Architect Dermot Bannon, poster boy for home renovations, finds the plight of young people trying to buy their first home on the current market “heartbreaking”.
The Room to Improvement host describes the current housing market as “scary” and believes more legislation is needed to protect those hoping to buy their first home.
“Some scary things are happening in the market.
“There is something very, very wrong in the current housing market, and something will have to come up.
“It’s like when it comes to buy-to-let options, and you have investors who own huge apartment blocks, but people can’t afford them and are forced to rent.
“I think something fundamentally has to change in the market and it can largely be controlled by the government.
“It (the market) is not completely out of our control, and I think we have left the running of the market to the funds.
“I understand we live in a capitalist society, and we have to keep the money moving. But have we gone too far?
“I don’t really know where it’s going, but I hope things start to change soon. I think the legislation can help,” he continued.
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“We have a right to an education; to health care, but we don’t have the right to put our roof over your head, which is perhaps more fundamentally important than education.
“When buying a house it was really difficult, but for young people now, it’s not only difficult but impossible.
“I’m hearing stories where people say they have no hope of getting a home, and it’s heartbreaking to hear.
“Buying a home is never easy. I’ve never met anyone who had enough money to buy the first house and then have it left over.
“But for me now, as every generation goes by, it just gets worse and worse.
“It hurts to think about it.”
Tomorrow night’s Innovation Room sees Dermot once again struggle the line between a couple’s dreams and their budget.
Bannon travels to Thurles, Co Tipperary, where Jim and Mary Moloney want to bring back their home with a profoundly 21st-century supplement.
Jim and Mary built their house 30 years ago and haven’t really changed it in any way since.
Both of their adult children have flown back to the nest, and they want to get the house ready for the next chapter in their lives.
Dermot has a challenge: he has to work within a budget of 210k euros and has a lot of work to do for what Jim and Mary want.
There are nail-biting moments in Room to Improve on Classic Tradition, but Jim and Mary deliver no drama. There were no furrowed brows or great disappointment in Dermot’s trip to Tipp.
“You have a dream, and then you have a budget.
“That’s really the hardest part of the job is when someone walks in and lists all the things they want to do. And my job is to bring them back to reality.
“But even with that fact, the pretty amazing Moloney still rolls with the punches.”
Dermot can’t say enough about the time he was in love with Jim and Mary.
He admitted that he “didn’t always” have the same experience as the other participants.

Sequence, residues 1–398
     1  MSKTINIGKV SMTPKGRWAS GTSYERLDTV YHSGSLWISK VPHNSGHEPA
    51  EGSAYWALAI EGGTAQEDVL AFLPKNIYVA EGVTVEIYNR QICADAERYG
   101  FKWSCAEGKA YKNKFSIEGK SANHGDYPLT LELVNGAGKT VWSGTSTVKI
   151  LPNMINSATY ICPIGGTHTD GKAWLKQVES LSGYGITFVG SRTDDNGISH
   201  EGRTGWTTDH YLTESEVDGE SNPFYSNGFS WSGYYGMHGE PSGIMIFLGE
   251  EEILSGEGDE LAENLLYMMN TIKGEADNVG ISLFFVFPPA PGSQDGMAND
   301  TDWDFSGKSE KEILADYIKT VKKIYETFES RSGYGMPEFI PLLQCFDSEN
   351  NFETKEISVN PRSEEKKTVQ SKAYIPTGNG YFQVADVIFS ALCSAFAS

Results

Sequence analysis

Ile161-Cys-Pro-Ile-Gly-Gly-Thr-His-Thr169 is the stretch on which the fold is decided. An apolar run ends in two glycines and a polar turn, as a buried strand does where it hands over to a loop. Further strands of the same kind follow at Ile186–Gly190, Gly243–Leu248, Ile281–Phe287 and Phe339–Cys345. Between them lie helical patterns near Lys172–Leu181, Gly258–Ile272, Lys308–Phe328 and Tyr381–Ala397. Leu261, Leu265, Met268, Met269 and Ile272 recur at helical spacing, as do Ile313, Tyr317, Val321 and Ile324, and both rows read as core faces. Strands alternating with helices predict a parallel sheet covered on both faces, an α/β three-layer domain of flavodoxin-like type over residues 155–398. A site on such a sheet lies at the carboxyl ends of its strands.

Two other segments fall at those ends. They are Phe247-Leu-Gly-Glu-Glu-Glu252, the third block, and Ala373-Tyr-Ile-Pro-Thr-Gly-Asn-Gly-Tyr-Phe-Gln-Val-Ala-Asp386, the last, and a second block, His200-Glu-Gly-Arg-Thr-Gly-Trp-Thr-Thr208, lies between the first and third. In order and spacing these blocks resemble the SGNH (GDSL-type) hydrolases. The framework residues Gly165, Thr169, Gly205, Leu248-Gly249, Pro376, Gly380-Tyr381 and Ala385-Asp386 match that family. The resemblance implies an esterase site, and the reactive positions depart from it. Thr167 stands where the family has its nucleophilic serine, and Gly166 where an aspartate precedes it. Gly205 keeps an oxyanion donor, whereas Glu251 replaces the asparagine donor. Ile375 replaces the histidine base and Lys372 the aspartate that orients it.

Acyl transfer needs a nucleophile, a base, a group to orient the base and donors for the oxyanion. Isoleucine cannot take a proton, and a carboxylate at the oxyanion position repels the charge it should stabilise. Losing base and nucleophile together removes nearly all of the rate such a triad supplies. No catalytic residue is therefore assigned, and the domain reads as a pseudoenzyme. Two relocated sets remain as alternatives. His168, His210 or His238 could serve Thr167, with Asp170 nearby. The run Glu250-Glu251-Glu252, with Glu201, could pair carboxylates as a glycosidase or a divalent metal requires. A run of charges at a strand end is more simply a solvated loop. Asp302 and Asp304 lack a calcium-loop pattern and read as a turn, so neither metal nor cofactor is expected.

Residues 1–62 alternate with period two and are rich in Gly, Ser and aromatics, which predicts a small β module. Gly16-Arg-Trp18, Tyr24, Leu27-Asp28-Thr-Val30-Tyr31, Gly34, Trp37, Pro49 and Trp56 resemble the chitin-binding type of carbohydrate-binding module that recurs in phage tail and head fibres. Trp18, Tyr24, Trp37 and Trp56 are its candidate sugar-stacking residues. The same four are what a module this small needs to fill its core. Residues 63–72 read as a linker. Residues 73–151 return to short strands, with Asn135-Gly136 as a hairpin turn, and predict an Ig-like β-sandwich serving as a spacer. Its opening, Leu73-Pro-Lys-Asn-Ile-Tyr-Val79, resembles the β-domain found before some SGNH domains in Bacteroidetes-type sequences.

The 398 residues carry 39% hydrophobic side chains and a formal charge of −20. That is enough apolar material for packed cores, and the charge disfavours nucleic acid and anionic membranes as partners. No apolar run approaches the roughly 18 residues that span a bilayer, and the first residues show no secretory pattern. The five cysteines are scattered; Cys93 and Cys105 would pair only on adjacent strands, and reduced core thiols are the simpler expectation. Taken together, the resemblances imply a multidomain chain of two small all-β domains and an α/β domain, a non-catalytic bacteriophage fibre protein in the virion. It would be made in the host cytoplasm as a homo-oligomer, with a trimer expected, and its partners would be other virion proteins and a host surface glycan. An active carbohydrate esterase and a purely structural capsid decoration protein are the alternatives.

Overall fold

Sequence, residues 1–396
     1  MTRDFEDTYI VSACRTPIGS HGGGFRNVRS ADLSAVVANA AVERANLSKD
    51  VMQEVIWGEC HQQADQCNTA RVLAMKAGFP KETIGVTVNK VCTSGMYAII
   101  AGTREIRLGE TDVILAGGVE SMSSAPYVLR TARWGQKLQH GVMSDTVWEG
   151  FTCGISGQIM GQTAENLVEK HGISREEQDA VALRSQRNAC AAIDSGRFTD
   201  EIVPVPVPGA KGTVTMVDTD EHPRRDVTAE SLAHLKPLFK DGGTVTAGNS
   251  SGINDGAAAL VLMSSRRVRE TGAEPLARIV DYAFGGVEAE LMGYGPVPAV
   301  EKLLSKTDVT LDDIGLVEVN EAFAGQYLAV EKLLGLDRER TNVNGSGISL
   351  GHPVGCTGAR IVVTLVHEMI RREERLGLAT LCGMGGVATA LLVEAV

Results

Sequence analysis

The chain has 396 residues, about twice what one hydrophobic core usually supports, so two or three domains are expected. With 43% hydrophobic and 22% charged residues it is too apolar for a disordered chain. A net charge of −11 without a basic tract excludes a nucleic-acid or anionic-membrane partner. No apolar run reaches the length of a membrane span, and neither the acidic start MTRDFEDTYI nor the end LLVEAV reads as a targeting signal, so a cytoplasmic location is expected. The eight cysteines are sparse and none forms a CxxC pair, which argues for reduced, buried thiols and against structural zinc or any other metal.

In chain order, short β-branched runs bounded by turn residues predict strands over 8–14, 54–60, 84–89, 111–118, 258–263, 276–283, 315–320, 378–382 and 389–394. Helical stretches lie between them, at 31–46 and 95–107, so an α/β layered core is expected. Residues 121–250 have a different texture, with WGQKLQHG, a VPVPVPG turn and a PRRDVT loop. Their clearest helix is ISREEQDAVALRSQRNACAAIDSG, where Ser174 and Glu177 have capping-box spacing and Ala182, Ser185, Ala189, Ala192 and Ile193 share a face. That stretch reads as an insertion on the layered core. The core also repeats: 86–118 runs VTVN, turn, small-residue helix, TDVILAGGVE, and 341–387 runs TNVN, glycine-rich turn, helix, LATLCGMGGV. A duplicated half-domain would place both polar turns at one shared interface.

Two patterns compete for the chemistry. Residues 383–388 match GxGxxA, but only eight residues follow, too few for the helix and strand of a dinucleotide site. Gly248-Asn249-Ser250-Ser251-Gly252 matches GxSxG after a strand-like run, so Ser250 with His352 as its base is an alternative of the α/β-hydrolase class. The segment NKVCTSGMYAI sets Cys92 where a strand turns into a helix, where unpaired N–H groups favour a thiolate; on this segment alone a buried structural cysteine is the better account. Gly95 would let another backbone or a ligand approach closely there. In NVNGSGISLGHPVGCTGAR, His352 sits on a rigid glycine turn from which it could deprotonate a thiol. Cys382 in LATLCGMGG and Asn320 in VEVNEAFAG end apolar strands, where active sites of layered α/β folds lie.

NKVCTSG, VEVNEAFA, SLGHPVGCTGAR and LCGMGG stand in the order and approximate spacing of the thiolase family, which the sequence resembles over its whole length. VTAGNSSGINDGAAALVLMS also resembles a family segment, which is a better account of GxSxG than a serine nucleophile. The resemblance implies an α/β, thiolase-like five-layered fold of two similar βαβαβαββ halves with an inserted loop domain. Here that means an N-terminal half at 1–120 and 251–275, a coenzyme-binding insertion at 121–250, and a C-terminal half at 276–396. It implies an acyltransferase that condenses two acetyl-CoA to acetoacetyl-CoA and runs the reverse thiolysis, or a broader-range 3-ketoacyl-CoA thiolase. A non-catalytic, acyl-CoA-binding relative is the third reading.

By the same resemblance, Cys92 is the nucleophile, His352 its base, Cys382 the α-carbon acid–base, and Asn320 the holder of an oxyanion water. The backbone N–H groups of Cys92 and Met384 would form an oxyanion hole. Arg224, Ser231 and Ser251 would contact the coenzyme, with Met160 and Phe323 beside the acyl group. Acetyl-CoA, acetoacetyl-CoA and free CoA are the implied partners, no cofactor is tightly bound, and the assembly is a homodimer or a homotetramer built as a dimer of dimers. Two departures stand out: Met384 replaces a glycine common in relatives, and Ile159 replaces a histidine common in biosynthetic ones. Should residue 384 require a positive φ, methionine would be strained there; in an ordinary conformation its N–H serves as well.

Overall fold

“But I love people who argue and challenge me.
“Interesting characters aren’t always the most approachable.
“Everybody assumes it’s because someone is against me or starts to assume that I can’t stand them.
“Not really. I love those people, they have teeth.
“Some people the audience thinks I have to hate are around, they’re people you want to be with.
“Because they’re craic and will tell you what it’s like.
“They’re not dull, and I like people who aren’t dull.
“The problem is whenever I meet someone new, they just want to talk about what I do.
“And I just wanted to learn about them. I was fascinated by people.”
After years of being on our screens, Bannon says he’s developed “a pretty thick skin” when it comes to “not-so-nice” comments on social media.
“I have been doing this for a long time.
“It’s horrible when you read something about yourself for the first time and it’s not very commendable, and it’s written by someone you’ve never even met. There’s no way to describe it.
“I want to always protect clients from that, but you can’t prepare people for that.
“I’m at this stage right now. I don’t really care what people write about me.
“I just wish I could protect clients from it.”
Bannon largely avoids Twitter and says he sees “Instagram as a much better platform.”
However, he thinks people should be more conscious of what they post online.
“I never post pictures of my kids on social media because I don’t know how I would react if someone made nasty comments about them.
“If I post an Instagram post, I’ll read it over and over and find holes in it to see if there’s anything that might offend anyone there.
“I don’t think people realize it when they post a social media post to the level of reach it can reach. And the impact it has and the outrage it can cause for some. people.
“I’m very careful on social media. If I put something out there, I have to be happy that it’s going to be there in the next 1000 years, and my kids and grandchildren will be able to read it. “
Room to Improve airs at 9:30 PM on Sundays on RTÉ One & RTÉ Player
https://www.independent.ie/entertainment/television/tv-news/i-love-the-people-who-have-a-debate-and-challenge-me-dermot-bannon-on-his-room-to-improve-clients-41438938.html ‘I love people who are always arguing and challenging me’ – Dermot Bannon to his client ‘Room for improvement’